Years later I married Matt and we went to New Orleans for our honeymoon. This was 2001. It was here that I rediscovered my love for witchcraft and paganism. So when we got back home, I started my studies again. I started taking some online classes in the Occult and was really enjoying it. Matt, on the other hand, wasn’t interested. And that was okay. I lived in a household where religion was crammed down my throat so I would never do that to someone else. I studied the path alone.

Then my father was diagnosed with Huntington’s Disease. I won’t get into the details of it but if you are interested, just look it up on webmd. It was a devastating blow to him and our family. Plus, it is hereditary so that added to my stress level as I could be looking directly at my future self. I did the only thing I knew to do, I turned to the craft. I did a few spells. I made a health mojo bag for my dad. I asked that he carry it with him every day in his pocket to help bring him healing energies. I think he was so desperate for something that he agreed to it even though I doubted whether or not he believed in its power. But I believed in its power. Now, looking back, I realize I made a fatal mistake in judgement. I thought I could heal my father. I thought that by doing my spells and working my magic that his disease would go away.

But it wasn’t for me to meddle with. Those were his cards not mine.

When my father died, suddenly one morning of a massive heart attack while driving to work, I knew I had failed. I had failed him. I sent him off into the world with a bullshit mojo bag that DID NOT save his life. I wondered if he forgave me? Did he blame me? Was it ever even a concern for him?

Now I have come a long way in healing from the initial shock of his death and I do know that it was not my fault. That I did not fail him so please don’t think I still dwell on this.

We buried my father. After the funeral, the director asked if we wanted the clothes he had been wearing or did we want them to dispose of them. I wanted his clothes. After going through them, I discovered that his mojo bag was not in his flannel shirt pocket where he always carried it. I was so concerned over it that we called the funeral home to ask if they had seen it. They hadn’t. We even called the tow company to see if they had found it in his truck. They hadn’t.  I so desperately wanted it and it appeared that somehow it had been lost.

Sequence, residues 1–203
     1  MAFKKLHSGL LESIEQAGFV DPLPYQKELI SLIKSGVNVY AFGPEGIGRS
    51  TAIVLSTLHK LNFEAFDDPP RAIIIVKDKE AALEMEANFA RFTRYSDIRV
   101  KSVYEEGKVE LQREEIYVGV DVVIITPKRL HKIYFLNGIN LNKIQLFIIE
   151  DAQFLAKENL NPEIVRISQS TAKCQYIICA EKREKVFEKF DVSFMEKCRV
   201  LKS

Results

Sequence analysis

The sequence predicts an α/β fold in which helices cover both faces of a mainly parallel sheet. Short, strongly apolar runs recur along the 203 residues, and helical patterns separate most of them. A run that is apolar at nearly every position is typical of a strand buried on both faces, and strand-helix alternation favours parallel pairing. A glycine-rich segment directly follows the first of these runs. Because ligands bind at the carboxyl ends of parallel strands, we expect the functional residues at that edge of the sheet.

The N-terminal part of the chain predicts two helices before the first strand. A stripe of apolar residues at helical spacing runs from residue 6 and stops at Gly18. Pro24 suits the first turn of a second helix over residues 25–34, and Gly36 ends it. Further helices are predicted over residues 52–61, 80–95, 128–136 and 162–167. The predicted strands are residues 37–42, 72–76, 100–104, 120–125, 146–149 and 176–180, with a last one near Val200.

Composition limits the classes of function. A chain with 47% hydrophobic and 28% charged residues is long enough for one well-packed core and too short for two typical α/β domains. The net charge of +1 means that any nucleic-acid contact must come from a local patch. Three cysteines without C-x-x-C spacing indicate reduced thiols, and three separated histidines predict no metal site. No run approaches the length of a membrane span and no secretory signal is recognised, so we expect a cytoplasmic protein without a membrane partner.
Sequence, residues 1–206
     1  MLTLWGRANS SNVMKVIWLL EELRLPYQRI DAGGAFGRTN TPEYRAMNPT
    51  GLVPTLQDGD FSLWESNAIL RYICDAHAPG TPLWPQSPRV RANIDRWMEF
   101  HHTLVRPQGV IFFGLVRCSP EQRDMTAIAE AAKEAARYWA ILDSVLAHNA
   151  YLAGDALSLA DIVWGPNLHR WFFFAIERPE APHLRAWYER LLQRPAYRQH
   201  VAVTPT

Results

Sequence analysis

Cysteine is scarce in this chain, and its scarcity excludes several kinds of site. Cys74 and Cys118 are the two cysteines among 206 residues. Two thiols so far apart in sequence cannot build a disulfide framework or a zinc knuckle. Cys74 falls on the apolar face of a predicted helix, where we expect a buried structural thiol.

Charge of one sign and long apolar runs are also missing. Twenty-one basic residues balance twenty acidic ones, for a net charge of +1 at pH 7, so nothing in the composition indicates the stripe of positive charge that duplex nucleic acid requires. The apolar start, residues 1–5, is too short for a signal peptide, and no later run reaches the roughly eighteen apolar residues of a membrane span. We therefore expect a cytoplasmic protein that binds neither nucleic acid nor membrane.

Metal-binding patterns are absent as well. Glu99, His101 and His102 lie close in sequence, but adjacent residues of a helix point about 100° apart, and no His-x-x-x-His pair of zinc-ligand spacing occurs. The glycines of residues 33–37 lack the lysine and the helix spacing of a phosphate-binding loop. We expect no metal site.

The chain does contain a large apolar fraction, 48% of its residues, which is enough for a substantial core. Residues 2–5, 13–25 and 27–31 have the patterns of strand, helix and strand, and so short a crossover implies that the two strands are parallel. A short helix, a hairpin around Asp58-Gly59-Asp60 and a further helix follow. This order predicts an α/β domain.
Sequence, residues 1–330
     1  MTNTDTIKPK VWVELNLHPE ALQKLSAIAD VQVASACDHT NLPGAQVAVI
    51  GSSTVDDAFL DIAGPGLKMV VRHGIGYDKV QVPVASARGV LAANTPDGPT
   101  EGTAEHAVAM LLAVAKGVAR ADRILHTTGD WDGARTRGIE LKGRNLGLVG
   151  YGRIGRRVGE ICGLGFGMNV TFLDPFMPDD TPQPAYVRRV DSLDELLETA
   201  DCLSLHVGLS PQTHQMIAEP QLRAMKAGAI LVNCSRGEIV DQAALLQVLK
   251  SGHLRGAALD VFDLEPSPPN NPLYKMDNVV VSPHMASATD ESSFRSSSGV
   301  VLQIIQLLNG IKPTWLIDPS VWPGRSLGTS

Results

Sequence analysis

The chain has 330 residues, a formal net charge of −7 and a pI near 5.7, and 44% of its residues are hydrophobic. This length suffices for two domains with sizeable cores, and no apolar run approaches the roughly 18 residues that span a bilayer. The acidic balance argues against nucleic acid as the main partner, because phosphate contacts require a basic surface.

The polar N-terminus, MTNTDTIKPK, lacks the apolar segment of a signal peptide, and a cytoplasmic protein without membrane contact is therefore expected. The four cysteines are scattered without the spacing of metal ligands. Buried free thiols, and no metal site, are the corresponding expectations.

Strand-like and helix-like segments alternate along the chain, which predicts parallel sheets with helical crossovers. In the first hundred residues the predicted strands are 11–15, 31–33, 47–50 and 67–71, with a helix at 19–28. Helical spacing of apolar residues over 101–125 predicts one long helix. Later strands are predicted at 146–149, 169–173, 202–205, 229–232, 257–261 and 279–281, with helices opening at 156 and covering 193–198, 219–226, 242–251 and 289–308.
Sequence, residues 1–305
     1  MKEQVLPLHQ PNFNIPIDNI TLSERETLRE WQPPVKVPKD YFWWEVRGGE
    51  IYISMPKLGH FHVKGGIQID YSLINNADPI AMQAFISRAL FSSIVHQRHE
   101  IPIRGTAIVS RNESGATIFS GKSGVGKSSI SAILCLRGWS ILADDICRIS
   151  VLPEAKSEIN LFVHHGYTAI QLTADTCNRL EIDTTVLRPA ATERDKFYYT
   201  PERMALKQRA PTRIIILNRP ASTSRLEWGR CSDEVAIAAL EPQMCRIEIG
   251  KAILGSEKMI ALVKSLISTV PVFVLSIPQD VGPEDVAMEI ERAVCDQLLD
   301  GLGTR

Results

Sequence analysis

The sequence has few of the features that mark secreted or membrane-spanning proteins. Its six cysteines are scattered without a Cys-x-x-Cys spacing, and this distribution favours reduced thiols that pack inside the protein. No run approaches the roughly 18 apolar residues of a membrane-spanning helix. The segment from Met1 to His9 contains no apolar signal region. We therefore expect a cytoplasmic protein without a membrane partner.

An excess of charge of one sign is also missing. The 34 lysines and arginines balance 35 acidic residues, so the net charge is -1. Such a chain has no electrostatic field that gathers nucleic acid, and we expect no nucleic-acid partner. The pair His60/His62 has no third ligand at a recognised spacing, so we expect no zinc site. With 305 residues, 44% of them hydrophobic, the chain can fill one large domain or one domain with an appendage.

A few days later my mom was cleaning off the top of the hutch where my dad would deposit all of his nightly goodies, like coins, and money, or whatever else he might have been carrying along with him. Buried underneath some change was the mojo bag. On the morning that he died, he did not have it with him. I’m not  implying anything. All I’m saying is that I got the mojo bag back because he didn’t carry it that day.

Because of my father’s death and my feelings of failure, I left the craft. I stayed away for many years. Off and on I thought about it but I felt cheated. I felt like I had believed in something that had failed me. But slowly over the years, I have been called back. And I’m wiser now. I no longer see the things that happened as failures. I see them as “life happens” and sometimes we can’t control it even if we try.

And now, Matt has joined me! This makes the spiritual journey even better because I get to share my studies, triumphs, and trials with my soulmate. Plus, shopping for occult items together is always fun. And celebrating the Sabbats together is way better than doing them solo.

That’s where I am now. A full-fledged practicing witch.  A witch who has come a long way from the makeshift altar in her bedroom at 18. But life is a journey and so is one’s spiritual path. It wasn’t easy. It still isn’t easy but it’s the right path for me.

So to come full circle, here are the answers to those questions I jested about earlier:

1. Why am I pagan? Because it feels right. If you don’t understand that, I can’t explain it to you.

2. Am I pagan? Yes. I am also a witch. I hate the word “Wicca” or “Wiccan” so I don’t ever use those terms to define my spirituality or religious views.

3.  What the hell does that even mean? Because I am a librarian, I will tell you to do your own research. It’s the only way you will truly learn something. I suggest starting here for a good introduction:  http://www.patheos.com/Library/Pagan.html

4.  Do I dance with the devil? I do not believe in the devil or Satan or any other evil Deity. So no, I haven’t.

5.  Would I if I knew how to dance? Since I don’t believe in the devil, this question is moot.

6.  Am I going to hell? No because I don’t believe in a hell.

7.  And if so, am I sad? No hell. Can’t go. Moot.

So there you have it. The facts as they pertain to me and my life. I will say that I am so happy to finally be living in a city where I can openly discuss my faith and not face daily ridicule or scorn. A weight has certainly been lifted there.

Until next time, just know that if Hansel and Gretel had been eating my house, I would have cooked them too. It’s called VANDALISM.

  1. Erin says:

    Great post… fascinating for me as another who is very interested in various religions and belief systems. I also find it interesting that we have such similar views on so many things (I don’t believe in hell, woman’s place is definitely not in the kitchen), yet my underlying belief structure remains Christian (tho i suppose i could be kicked out of many a church for those two previous assertions…). – Erin

  2. Suzana says:

    LOL about Hansel and Gretel!!! 🙂